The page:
Our featured speaker today was Dr. Bill Mundy, an economist and a farmer and his wife of nearly 50 years, Maryanne.  His presentation was entitled "Environmental Insults".
Rotary Club of Olympia
The Wheel
Date:  11/30/2015
Meeting called to order: by President Jack Belmont at 12:30 pm at Indian Summer Golf and Country Club
Today’s Program: Environmental Insults by Dr. Bill Mundy
Invocation by:    Lori Woodland
Pledge of Allegiance led by: Bradley Hooper
Song:  “America The Beautiful” led by Gloria Strait
Four Way Test led by:  Dick Blinn
Visiting Rotarians:  Tanya Moat from West Olympia “Foundation”
Guests of Rotarians:  Chris,  Manager for the Assistant Attorney General’s office
Happy Bucks:
*Trent Hart reminded the club that December 19th Salvation Army Bell Ringing begins and you can volunteer—if you would like to donate, send your check to Trent (made out to the Salvation Army) and he will add it to the donation by the Olympia Rotary Club.
*Lisa Poundstone spent the last week in Texas with her whole family gathering for an uncle’s funeral.  This was their first time together in several years.
*Mo Considine suggested a way to continue to promote world peace would be to host an exchange student.  Both students are looking foir a second host family—if you know anyone please let Mo know.
*Nancy Riordan reminded everyone of the 28th Annual Christmas Forrest event is open to the public starting Wednesday of this week (the reason we are at Indian Summer today).  Also, 6 tickets to the event will be given as a prize drawing today.
Judy Blinn had everyone wearing Rotary “bling” stand up—many did , but Judy reminded everyone to wear their Rotary Pins proudly to every meeting.
Terry Anderson auctioned off some Salmon to Dennis Peterson for a $50 donation.
Phyllis Mandel introduced as our speaker today Dr. Bill Mundy, an Economist and a farmer and his wife of nearly 50 years, Maryanne.
Dr. Mundy grew up on a farm near Ellensburg, Washington.  He joined the Navy after high school, started his college education at Central Washington then moved to Washington State University to study Hotel and Restaurant Management.  To put himself through school he never gave up his “farmer” side and continued to show, raise, and sell cattle.  On day at a cattle sale a friend said to him, why the Hotel Industry, you should be in Agriculture.  So he switched his major to Agriculture.  His first job was in Denver, Colorado, working for the Western Livestock Journal.  Wanting to be more “hands on,” he decided to apply for some Farm Manager jobs.  He found a job in Green Bay, Wisconsin—he applied for a manager job, but the offered him and Appraiser job, telling him that as soon as a manager job opened he would have that.  While in Green Bay, he met his wife to be at a social club.  He got up the courage to ask her out, but she said no, she was going bicycle riding that day.  He thought about that and said—I will join you…do you have an extra Bicycle?  She said no but pointed out he could probably rent a bike in town.  So he did and 50 years later they are still bicycling together and have done so in many places here and abroad.  Dr. Bill’s next job took him and Maryann to St. Lewis, where the winters were awful, but the summers were even worse.  Maryanne suffered from allergies to ragweed.. Her allergist told her there was only one place in the United States that did not have ragweed and that was the Pacific Northwest—so they moved to Seattle.  He was hired again as an Appraiser.  He decided he did not know enough about Urban Economics, so he decided on a Master’s program at University of Washington.  Weyerhaeuser hired him, but he had trouble with the politics in a large organization, so the then Vice President advised him to create a consulting business (1976) and he did work with Weyerhaeuser for many years as a consultant.  Some of the consultancy business was combining his Appraiser experience, economic background and farming knowledge to assess settlements from environmental “insults.”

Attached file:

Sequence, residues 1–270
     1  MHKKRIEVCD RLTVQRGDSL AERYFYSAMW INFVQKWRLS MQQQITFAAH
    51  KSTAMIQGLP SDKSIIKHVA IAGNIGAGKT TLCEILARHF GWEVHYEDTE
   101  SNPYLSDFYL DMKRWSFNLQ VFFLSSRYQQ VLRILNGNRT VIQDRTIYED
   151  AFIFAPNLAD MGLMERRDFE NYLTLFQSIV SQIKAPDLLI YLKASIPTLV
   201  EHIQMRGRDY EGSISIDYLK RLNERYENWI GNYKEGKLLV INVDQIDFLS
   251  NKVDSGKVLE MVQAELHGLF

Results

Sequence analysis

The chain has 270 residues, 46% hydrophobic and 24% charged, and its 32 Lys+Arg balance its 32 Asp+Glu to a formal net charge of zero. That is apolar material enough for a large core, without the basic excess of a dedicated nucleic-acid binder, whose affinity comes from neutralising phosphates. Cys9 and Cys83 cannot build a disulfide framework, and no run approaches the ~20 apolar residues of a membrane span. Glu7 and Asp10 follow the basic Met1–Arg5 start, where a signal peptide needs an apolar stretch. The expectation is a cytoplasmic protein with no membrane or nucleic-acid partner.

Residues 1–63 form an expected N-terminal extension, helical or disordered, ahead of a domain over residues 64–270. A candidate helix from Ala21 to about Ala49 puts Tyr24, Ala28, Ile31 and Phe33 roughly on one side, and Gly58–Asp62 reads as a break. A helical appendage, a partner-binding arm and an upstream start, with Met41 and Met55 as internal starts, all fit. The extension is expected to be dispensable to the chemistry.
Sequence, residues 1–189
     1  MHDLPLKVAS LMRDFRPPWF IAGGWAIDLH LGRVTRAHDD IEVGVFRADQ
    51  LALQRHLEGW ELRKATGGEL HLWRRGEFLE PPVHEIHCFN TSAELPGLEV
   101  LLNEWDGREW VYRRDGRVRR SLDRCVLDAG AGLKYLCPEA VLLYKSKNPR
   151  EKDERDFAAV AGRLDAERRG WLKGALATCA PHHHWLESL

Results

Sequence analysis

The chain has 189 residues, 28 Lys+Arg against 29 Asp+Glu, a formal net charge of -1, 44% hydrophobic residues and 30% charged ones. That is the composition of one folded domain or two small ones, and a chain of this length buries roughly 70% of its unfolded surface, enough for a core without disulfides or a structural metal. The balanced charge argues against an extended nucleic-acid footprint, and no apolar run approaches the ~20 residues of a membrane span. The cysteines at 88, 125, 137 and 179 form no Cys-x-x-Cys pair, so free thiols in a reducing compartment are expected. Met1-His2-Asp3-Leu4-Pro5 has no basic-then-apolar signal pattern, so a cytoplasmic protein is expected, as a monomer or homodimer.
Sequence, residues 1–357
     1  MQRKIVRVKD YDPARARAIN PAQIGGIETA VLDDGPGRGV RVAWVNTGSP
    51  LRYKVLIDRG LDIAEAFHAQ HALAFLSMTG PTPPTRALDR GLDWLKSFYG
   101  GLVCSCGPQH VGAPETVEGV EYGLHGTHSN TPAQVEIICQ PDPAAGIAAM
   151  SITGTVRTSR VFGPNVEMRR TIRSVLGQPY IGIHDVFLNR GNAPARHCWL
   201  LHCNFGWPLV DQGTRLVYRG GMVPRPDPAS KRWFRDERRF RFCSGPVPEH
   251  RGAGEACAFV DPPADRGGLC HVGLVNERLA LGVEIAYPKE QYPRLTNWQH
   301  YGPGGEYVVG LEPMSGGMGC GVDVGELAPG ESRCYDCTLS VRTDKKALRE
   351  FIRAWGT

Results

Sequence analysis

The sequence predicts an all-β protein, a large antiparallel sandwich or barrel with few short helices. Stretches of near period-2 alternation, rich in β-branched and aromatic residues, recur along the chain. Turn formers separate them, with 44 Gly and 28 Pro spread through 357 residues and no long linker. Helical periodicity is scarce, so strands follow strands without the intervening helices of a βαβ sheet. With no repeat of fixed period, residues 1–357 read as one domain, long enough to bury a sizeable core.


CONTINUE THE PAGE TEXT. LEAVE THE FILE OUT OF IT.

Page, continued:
For example, in 1980 Mt. St. Helen’s blew up.  About half of the land impacted belonged to the Weyerhaeuser company, but it was not valued like it was prior to the eruption of the mountain.    The US Forrest Service and the Parks department wanted to do a land swap with the company.  Dr. Bill Mundy developed an Land Use Plan and created a value for the land swap—Weyerhaeuser accepted and the land use plan is in effect today.
Another Project Bill worked on was when the Exxon Valdez ran aground and spiled oil in the Prince William Sound in 1989.  There was one large problem in that a lot of Native people lived a subsistence existence on this land, and much of their food source was destroyed.  It took two years to settle the amount owed in court after a trial (Bill was deposed for 30 days) $287 Billion plus $5 Billion in punitive damages.  Exxon vowed not to pay this and decided to continue to appeal and fight the outcome.  Over twenty years later (2009) the settlement is down to a mere $507.5 Million!  Many people and companies went bankrupt during this time.  In contrast, another story Bill told was about the Union Pacific Railroad in 1991, they owned the right away for many miles along the Sacramento river..  Three RR cars carrying a soil fumigant fell into the river causing a contamination disaster (or insult).  They worked with Dupont who produced the chemical to do a fast and massive cleanup before the fumigant leaked into Lake Shasta and created more damage.  They were responsible about wanting to settle with property owners quickly.  Appraised values were $1.43 Billion—this was settled within months, and UP is working to pay the debt quickly. 
Mr. Snappy: $25 gift certificate won by Dennis Cooper and Dan Lehuta won 6 tickets to the PSPH Christmas Forrest event
Meeting adjourned: 1:30 by President Jack Belmont